Section 3C leave retains the character of the permission that it is extending. In other words, if someone has permission as a Tier 1 (Entrepreneur), and they spend a year on section 3C leave while waiting for a decision on their extension application (which unfortunately has been known to happen), they can count that year towards the five years needed to qualify for settlement.

It is impossible to overstate how important it is that the relevant application is valid. By this I mean that it complies with the generic validity rules in paragraph 34 of the Rules, or the category-specific validity requirements of the particular route where relevant. There are a number of ways in which validity issues can affect section 3C leave, which is reflected in Home Office guidance on validity and on section 3C leave.



Effect on section 3C leave

Invalid application that cannot be validated

Application for permission to stay in the UK Ancestry route by someone who has permission on a different route

Section 3C is never triggered and the applicant will be an overstayer from the date their permission was due to expire (if no further application is lodged before then)

Invalid application later made valid

Someone makes an otherwise-valid application but fails to provide a signed declaration where required; the Home Office contacts them to request the missing document and it is provided by the deadline given, thus validating the application


The application is deemed to have been valid from the start so section 3C leave is triggered as usual

Valid application later invalidated


The application is valid but the applicant fails to enrol their biometrics by the deadline provided and an invalidity notice is served

Section 3C leave is triggered as usual and continues until the application is invalidated by the notice of invalidity; the invalidation is not retrospective so section 3C leave only ends from the point that the notice is served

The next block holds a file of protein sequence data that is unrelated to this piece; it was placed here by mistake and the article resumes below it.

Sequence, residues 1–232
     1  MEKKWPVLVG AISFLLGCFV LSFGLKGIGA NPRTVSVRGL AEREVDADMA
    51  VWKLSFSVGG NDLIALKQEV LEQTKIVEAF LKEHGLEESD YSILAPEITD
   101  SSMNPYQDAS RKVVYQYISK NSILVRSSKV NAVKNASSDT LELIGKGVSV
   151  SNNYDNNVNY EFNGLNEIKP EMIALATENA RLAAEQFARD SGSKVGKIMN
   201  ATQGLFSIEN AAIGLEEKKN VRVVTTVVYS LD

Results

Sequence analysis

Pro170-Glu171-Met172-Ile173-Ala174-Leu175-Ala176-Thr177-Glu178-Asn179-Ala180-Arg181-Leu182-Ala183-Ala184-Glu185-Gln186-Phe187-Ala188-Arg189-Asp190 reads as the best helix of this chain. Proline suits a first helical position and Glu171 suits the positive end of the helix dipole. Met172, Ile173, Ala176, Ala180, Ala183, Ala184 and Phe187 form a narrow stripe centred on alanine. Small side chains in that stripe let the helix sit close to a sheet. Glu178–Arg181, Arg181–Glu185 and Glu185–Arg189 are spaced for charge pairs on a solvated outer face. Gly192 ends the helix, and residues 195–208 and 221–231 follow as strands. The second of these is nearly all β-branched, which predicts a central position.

Because an otherwise-valid application can only be invalidated for failure to enrol biometrics by the deadline given, and this does not have retroactive effect, an application can be validly varied without enrolling biometrics, as long as this is done before the deadline. The applicant must, however, enrol their biometrics by the new deadline given when the variation application is lodged, unless they vary it again before that deadline.

Section 3C and appeals

Where an in-time application is refused after the applicant’s permission was due to expire, and there is a right of appeal, and the applicant lodges the appeal within the 14-day deadline, their permission will be automatically extended until the appeal has concluded.


Olgierd is a student with permission to be in the UK until 19 November 2021. On 15 October 2021, he applies to switch into the partner route.

The date Olgierd’s permission was due to expire comes and goes without a decision. On 20 November 2021, section 3C leave is triggered and his permission is automatically extended, subject to the same conditions. In his case, this includes the right to work without restrictions outside of term time.